With the exception of Aceyalone, many would regard Ras Kass as the finest lyricist on the West Coast. That is of course open up to debate, but the rapper that affectionately calls himself Rassy (or Razzy) has certainly provided some of the most intricately delivered verses of his generation. “Soul On Ice” was an incredible debut, lavishly written yet musically understated (and despite some reviews, not as poorly produced as many like to think). I’ve always enjoyed Ras Kass’ verses on Xzibit albums in particular (“3 Card Molly” being the best) and I recall The Golden State Warrior project with Xzibit and Saafir that unfortunately never materialised. Their collaborations regularly stole the show on Xzibit’s albums and this increased exposure saw his third release, “Van Gogh”, heavily bootlegged and ultimately shelved.

The last ten years has seen regular output from Ras Kass, but each release has felt like a compilation of individual tracks rather than a focused project. “A.D.I.D.A.S” was an interesting release (his 2010 album) which seemed to embrace his underground icon status, combining it with some surprisingly good boom bap production. Much like MC Eiht’s “Keep It Hood” EP that came out earlier in the year, it’s nice to hear West-Coast emcees on production that isn’t stereo-typically West-Coast. “Goldyn Chyld”, produced by DJ Premier no less, is an excellent anthem that always felt like the West’s “Nas Is Like” and still stands as my favourite example of Ras Kass; tongue-twisting flow, ridiculous confidence and a healthy dose of metaphor.

“Barmageddon” dabbles with boom bap, but ultimately feels like another compilation of tracks rather than an album. It’s full of guest features, which makes sense when you’re making a record for French Montana, but Ras Kass is a lyricist. Granted, he does have some tracks to himself, but when they are club fodder like “Upscale Ratchet” and ANOTHER track based around the word ‘cunt’, you can’t help but feel underwhelmed. There must be a fad in the USA right now with this word, as everyone from RA The Rugged Man to Wax are writing songs about it. The intro to “C U Next Tuesday” did make me laugh though, mocking the British accent (poorly) but including a nice jab at Tim Westwood. Yes, us Brits can’t take him seriously either.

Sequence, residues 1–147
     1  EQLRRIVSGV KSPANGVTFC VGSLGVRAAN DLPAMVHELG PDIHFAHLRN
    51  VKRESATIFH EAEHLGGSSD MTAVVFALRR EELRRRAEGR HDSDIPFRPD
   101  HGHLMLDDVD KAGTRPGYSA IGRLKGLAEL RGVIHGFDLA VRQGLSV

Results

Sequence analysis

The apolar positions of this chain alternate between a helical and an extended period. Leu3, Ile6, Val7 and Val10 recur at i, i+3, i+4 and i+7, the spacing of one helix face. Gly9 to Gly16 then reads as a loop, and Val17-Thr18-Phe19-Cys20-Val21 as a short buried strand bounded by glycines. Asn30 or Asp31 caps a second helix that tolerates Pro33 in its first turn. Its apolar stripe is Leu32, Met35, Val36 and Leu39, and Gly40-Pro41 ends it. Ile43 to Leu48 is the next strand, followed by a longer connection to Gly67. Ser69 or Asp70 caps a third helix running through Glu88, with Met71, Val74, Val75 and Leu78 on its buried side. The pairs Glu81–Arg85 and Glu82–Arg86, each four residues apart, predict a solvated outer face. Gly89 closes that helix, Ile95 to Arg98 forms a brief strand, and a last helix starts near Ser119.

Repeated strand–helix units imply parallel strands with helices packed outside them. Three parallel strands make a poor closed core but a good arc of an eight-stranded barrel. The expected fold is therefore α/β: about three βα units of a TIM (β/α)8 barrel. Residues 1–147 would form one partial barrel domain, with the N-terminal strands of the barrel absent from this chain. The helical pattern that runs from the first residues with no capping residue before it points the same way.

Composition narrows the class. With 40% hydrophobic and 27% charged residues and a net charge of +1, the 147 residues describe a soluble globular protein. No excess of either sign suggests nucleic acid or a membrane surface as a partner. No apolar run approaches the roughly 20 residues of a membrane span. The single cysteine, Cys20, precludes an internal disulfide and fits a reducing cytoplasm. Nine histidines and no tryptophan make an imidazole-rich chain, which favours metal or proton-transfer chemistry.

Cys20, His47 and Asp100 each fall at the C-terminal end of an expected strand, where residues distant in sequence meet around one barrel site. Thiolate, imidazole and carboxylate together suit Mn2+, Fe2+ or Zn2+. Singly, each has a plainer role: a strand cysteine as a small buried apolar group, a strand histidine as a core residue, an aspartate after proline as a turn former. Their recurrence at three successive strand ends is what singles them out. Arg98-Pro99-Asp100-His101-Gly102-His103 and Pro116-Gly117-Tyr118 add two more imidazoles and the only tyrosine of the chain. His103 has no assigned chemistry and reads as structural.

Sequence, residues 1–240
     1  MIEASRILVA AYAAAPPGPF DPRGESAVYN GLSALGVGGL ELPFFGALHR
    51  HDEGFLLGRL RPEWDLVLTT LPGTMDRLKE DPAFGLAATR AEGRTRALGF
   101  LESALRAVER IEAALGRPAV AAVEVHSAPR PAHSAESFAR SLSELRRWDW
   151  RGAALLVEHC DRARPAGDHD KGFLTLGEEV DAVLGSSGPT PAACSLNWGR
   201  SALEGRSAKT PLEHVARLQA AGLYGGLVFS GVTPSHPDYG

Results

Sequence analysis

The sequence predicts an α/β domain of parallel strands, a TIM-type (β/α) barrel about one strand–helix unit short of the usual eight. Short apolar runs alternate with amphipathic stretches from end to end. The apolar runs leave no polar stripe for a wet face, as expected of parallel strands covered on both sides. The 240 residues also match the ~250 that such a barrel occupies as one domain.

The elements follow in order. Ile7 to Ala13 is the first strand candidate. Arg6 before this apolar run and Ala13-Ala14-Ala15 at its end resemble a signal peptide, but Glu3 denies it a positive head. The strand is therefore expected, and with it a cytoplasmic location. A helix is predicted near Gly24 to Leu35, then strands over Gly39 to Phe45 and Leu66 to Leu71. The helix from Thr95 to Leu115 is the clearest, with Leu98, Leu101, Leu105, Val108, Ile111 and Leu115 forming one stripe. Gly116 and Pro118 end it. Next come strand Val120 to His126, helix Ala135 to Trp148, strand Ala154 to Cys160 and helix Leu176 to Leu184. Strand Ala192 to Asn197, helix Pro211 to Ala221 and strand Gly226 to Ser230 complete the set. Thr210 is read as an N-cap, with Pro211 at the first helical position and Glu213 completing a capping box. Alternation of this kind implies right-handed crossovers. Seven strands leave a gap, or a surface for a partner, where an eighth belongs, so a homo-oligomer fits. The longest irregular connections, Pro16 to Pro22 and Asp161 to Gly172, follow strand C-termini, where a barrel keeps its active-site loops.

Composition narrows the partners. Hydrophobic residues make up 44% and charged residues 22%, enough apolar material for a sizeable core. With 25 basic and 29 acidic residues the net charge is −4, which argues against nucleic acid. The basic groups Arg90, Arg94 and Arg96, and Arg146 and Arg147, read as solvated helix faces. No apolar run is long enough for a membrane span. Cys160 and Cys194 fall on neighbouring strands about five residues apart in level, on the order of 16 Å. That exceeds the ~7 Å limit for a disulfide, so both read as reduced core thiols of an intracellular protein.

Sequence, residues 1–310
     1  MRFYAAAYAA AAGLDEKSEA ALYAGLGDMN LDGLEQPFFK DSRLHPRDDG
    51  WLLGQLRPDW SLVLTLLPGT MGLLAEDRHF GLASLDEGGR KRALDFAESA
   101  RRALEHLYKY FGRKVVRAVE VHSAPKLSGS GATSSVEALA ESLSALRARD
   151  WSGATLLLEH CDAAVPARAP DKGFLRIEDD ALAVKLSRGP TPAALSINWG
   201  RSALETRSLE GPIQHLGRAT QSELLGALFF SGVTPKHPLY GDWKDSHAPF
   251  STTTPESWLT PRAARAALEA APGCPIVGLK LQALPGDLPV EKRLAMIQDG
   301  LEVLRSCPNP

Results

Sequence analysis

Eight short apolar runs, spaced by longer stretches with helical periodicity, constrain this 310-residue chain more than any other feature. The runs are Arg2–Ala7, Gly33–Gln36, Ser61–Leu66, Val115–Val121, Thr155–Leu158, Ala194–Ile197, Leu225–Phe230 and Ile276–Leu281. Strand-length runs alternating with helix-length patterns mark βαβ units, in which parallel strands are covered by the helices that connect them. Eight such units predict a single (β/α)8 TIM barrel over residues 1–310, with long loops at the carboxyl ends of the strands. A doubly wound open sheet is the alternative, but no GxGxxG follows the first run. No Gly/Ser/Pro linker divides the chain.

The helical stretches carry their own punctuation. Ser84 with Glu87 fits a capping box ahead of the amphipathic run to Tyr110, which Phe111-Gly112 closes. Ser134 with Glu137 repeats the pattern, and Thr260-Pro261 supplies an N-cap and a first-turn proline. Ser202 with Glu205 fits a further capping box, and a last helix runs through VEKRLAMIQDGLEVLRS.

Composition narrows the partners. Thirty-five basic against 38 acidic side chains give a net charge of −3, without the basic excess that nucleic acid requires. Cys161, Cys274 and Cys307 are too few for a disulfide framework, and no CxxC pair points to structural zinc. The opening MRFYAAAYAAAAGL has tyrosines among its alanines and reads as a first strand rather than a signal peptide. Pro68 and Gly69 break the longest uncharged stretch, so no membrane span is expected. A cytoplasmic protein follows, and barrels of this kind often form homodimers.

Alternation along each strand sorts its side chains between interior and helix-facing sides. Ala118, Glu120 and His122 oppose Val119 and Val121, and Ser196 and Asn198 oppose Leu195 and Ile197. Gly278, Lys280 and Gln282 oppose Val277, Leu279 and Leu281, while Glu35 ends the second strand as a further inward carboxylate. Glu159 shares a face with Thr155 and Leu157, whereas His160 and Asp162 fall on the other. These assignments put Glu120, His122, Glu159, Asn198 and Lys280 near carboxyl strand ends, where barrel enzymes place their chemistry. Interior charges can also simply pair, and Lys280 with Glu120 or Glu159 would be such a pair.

That’s not to say that “Barmageddon” is a poor record, far from it. “Godz N The Hood” has Ras Kass sharing a mature, level-headed verse that is passionate and actually the type of verse I’d like to hear more from him. What’s more surprising is Talib Kweli stealing the show, but then after hearing “Prisoner of Conscious” it actually makes sense. Talib isn’t the only one that provides some great bars, as “Sometimes” is a cracking collaboration between Ras Kass and Monie Love. Ras sounds hungry and starts his verse by making the most played out topic – hip hop being dead – sound fresh. It’s just a shame that the hook is silly, the sort of material that happens after one too many drinks in the studio. There are some generic street tracks here that feature underground mainstay Agallah (“Coke Lines and “Come On”) as well as a pumped-up Guilty Simpson on the war-ready “Human Dog Fight”. For the most part, “Barmageddon” is everything we’ve come to expect from Ras Kass, for better or worse. For those wanting a bit of boom bap to nod their head to, there is “Sushi”, a track outlining how raw Ras Kass is, and each verse is full of his trademark multi-syllable rhymes using words that you’d think would be difficult to rhyme with. “Focus” is the most professional effort on “Barmageddon”, featuring a thumping beat (surprisingly by Focus) but inexplicably has a Kendrick Lamar verse that must have been recorded when he had laryngitis. Husky and difficult to hear clearly, it’s a shame it wasn’t quite the sum of its parts. And that sums up the majority of “Barmageddon”. For every display of lyrical dexterity, there is some inane gangster-isms. The production is good yet veers all over the place, throwing in a bit of everything yet not really excelling in any one sound.

It’s disappointing to see Ras Kass relying on his contacts so much. As great as it is to see big hitters such as Kendrick Lamar, Talib Kweli and Ice-T (!) appearing on a grimey, lyrical rap album, the record suffers due to a guest appearance on every other song. An emcee as experienced as Ras Kass shouldn’t need to share the mic so much, and unfortunately “Barmageddon” doesn’t display one of rap’s best loved artists at his most lethal. We all know Ras Kass can deliver the goods, and it would be nice to hear him release an album that challenged the listener as much as he challenges himself when writing. The last few albums have just been too comfortable, leaving Ras Kass at a crucial point in his career.

Ras Kass :: Barmageddon
6Overall Score